I am standing outside of the hotel ballroom I had entered less than half an hour ago as I followed a sign that pointed the way to a 10am church service.
Traveling for the weekend with my two young children to my once-hometown of San Diego, I had the desire for a quiet moment with God and opportunity to worship in community.
I had thought about driving with my kids an hour and a half each way to a church where our friends pastor in South Orange County.
I had thought about attending a couple other services in the area neither of which seemed the right option.
When I serendipitously stumbled upon this one, my heart filled with hope as I pulled its website up on my phone and scanned to find the words, “family friendly.”
And friendly the people were from the moment I walked through the door. Smiles, hands outstretched, pleasant questions. One mother wants to introduce us to her children who are in the nursery.
We meet her girls and while the kids and toys are initially exciting, my daughter isn’t ready to be left there today. We try for some coloring as entertainment in the service. It lasts for 10 minutes.
After a few more well-meaning attempts to help my daughter feel comfortable in the children’s service, I watch her look up at me as overwhelm takes hold of her now tense, tiny body.
I take her to sit in the hallway between the service and the nursery for a breather. She is crying. I want to join her but take a breath and hold her instead.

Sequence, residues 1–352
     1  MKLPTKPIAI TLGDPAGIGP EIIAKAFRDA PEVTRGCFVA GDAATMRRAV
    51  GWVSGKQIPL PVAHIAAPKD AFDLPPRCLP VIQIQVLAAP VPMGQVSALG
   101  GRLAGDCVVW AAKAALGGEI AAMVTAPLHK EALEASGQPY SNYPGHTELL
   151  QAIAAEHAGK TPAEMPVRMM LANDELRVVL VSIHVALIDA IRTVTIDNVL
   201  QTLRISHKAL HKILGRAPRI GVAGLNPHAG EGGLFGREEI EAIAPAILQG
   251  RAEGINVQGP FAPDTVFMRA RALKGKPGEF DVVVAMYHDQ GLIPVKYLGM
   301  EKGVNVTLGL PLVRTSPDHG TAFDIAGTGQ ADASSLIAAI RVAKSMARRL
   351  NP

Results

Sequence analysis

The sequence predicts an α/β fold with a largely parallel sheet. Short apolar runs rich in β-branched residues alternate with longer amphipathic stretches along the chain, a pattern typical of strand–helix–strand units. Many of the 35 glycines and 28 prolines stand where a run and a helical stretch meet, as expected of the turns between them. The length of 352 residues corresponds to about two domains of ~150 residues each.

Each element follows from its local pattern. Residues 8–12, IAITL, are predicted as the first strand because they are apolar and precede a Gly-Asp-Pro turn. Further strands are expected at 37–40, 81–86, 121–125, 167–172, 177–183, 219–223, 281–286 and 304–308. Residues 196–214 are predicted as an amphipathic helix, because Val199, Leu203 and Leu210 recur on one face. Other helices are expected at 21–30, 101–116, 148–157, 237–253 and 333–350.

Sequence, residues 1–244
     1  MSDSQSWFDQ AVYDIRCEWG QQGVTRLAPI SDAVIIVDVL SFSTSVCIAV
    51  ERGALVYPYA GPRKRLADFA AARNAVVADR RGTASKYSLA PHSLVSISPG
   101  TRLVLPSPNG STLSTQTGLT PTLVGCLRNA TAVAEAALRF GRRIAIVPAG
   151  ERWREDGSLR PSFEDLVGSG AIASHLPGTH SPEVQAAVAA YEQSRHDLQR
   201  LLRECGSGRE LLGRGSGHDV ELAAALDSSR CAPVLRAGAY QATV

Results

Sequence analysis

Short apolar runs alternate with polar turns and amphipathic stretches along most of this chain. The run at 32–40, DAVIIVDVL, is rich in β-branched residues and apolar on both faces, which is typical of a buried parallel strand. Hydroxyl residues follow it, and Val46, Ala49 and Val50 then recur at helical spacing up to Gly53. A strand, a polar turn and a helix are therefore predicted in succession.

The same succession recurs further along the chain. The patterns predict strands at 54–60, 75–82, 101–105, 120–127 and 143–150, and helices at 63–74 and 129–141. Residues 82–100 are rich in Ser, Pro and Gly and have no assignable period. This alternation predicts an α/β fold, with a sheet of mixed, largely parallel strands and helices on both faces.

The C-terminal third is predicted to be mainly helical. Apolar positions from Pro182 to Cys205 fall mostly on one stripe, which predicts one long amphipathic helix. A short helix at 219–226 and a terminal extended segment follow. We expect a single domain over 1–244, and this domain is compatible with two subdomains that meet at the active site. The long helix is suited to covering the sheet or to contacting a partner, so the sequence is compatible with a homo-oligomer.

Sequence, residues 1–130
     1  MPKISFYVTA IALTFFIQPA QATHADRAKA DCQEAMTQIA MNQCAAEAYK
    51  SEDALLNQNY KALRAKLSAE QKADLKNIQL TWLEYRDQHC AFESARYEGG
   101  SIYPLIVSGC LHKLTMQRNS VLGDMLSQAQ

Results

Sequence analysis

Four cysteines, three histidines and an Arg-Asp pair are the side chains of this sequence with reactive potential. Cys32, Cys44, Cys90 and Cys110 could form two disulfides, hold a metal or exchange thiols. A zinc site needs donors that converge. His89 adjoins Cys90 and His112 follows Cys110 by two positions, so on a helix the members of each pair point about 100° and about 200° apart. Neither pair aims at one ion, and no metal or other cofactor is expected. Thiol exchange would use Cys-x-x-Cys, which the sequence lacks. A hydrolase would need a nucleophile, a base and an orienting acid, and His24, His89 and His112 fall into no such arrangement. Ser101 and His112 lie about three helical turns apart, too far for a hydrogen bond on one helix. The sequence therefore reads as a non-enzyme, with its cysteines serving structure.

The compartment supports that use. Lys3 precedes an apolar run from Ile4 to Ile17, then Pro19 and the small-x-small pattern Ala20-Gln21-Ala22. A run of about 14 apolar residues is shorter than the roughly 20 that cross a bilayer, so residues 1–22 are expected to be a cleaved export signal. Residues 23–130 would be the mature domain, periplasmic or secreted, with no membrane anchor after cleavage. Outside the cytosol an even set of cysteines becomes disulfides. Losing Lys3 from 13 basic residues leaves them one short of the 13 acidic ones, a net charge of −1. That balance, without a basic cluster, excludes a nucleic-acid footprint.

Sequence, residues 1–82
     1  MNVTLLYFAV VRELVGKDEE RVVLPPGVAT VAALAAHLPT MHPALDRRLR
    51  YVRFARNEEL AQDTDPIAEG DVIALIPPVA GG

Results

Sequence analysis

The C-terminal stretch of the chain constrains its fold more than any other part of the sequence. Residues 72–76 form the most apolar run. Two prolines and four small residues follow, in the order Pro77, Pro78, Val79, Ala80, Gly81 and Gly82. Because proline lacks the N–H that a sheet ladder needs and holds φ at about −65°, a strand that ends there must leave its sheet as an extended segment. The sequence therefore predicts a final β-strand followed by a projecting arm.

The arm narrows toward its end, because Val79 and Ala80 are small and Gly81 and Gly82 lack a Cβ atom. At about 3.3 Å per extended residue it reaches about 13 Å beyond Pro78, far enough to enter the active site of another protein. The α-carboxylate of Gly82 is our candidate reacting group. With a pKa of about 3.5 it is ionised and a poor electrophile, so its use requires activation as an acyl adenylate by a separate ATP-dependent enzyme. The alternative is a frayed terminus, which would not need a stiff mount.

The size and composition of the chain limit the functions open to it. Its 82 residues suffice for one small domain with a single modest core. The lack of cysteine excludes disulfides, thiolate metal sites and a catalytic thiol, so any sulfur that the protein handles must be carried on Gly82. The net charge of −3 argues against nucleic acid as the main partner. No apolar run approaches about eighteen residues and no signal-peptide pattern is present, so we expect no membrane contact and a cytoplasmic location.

She quiets. The door to the church service is open, and hope rises again that I might be able to listen from here – our perfect medium.
Seconds later, however, a hand extends out through the doorway to the grab the knob, and the door to the service closes.
I gather my daughter and then quietly back in the ballroom our stroller. and we walk out of the hotel to the sidewalk.
She sits in her stroller and I on a bench behind her for a quick moment out of her view.
There it is, the familiarity of not belonging.
I look at my stroller and large tote beside it. Water bottles and snacks pour out of the handlebar drink holder attachment.
I feel like a spiritual outcast – hopeful, committed but never really fitting. I remind myself that Jesus is good at finding those – outcasts.
Later I am sitting on the beach, having found another quiet moment when my children are sleeping. I realize I got exactly what I was looking for today – the revelation of my aloneness.
I am left thinking about love and God and loneliness and belonging and how hard it’s been to find a spiritual home for my young family.
While I am clear in my devotion to choosing love, I notice how hard love can be to define clearly.